3. Add cooked rice and soy sauce to pan, stirring until mixed well. Divide among 4 bowls. 
  4. Meanwhile, roll omelette and slice into 1cm thick scrolls. Place 1/4 of the egg scrolls onto each bowl of fried rice.
Serves 4

Monday, 4 May 2015

How 3 popular protein bars stack up

Protein bars. The food alternative to protein shakes designed to help you gain muscle post resistance exercise. They aren't new, but they have cemented themselves into the health food aisle of supermarkets and chemists, not to mention gyms and health food stores. I decided it was high time I reviewed them, considering the ongoing popularity of my post 'lifting the lid on protein powder' last year.

Here I've picked three popular protein bars and compared them based on taste and nutrition.

What's actually in protein bars?

Protein bars come in many flavours but it's usually based around chocolate. The first ingredient in all three bars I looked at is protein blend at 30-40%. This is basically the protein 'powder' you can buy to turn into shakes. This is then followed by a long list of ingredients, many of which are long and difficult to pronounce (like polyglycerol esters of interesterified ricinoleic acid- um, what?). Chiefly, it's a mix of sugar (in it's many forms), chocolate, vegetable oil and additives like emulsifiers and flavours.

Unfortunately they are quite low in carbohydrates, which are needed in combination with protein to help provide energy before a workout and repair and rebuild muscles after a workout. You can read more on this here.

Protein comparison

Aussie Bodies Protein FX Lo Carb Mini Protein Bar (Choc Honeycomb)
9g protein/30g serve or 29.9g/100g

Swisse Low Carb Protein Bar (Choc/Caramel Flavour)
9.5g protein/25g serve or 37.9g/100g

Horleys Carb Less Deluxe (Chocolate Peanut Flavour)
10.1g protein/35g serve or 28.9g/100g

So, despite the Swisse bar coming out on top for protein per 100g, they are all roughly the same per serve. The bar sizes do vary, but lets face it: you're going to eat the amount that's in the packet, not leave a bite.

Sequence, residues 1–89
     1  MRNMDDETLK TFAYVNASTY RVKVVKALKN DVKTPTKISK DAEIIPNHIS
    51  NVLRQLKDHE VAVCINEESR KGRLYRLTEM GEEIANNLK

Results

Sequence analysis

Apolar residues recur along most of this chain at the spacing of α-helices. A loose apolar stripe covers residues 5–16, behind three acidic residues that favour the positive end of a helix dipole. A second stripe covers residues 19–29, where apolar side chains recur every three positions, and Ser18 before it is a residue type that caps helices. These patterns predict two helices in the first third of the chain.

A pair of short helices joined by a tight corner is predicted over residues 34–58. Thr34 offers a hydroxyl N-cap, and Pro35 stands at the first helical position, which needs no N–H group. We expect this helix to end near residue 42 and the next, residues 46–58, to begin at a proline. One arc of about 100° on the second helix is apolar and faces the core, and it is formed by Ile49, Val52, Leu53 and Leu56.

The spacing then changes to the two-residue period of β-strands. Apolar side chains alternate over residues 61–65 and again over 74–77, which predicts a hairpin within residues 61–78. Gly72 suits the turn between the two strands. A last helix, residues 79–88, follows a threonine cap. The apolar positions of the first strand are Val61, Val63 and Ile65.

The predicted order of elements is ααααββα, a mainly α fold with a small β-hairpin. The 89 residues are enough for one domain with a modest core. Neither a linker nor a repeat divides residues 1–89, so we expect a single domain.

How do protein bars stack up against other protein containing foods?

  • 1 chicken breast= 53.4g protein or 31g/100g
  • 2 hard-boiled eggs= 11g protein or 12.4g/100g
  • 250mL glass reduced fat milk= 10g protein or 4g/100mL
  • 30g (small handful) mixed dry roasted nuts= 5.2g or 17.3g/100g
That means you could get the same amount of protein from a glass on milk, 2 hard-boiled eggs or 2 small handfuls of nuts. And meat is just off the scale…

Taste comparison

Aussie Bodies Protein FX Lo Carb Mini Protein Bar (Choc Honeycomb)
A nice sweet flavour and very chewy. But still quite dry and with a powdery aftertaste.

Swisse Low Carb Protein Bar (Choc/Caramel Flavour)
Hard, dry and powdery plus a lack of flavour. Choc caramel: who knew? Definitely the worst.

Horleys Carb Less Deluxe (Chocolate Peanut Flavour)
A chewy centre, made softer by a layer of caramel. Nice flavour without the powdery texture of the other three. Could be mistaken for a chocolate bar but the clear winner in taste.

The verdict

Protein bars can be a convenient snack post work out, but they're also highly processed and expensive. With many everyday foods providing the same (if not more) protein per serve, like milk, eggs and nuts, I think there are much more nutritious options than these chocolate bars marketed under the guise of health. If you do choose a protein bar, I'd recommend combining it with a carbohydrate containing snack for the right muscle-building fuel. And choose well as some certainly taste better than others!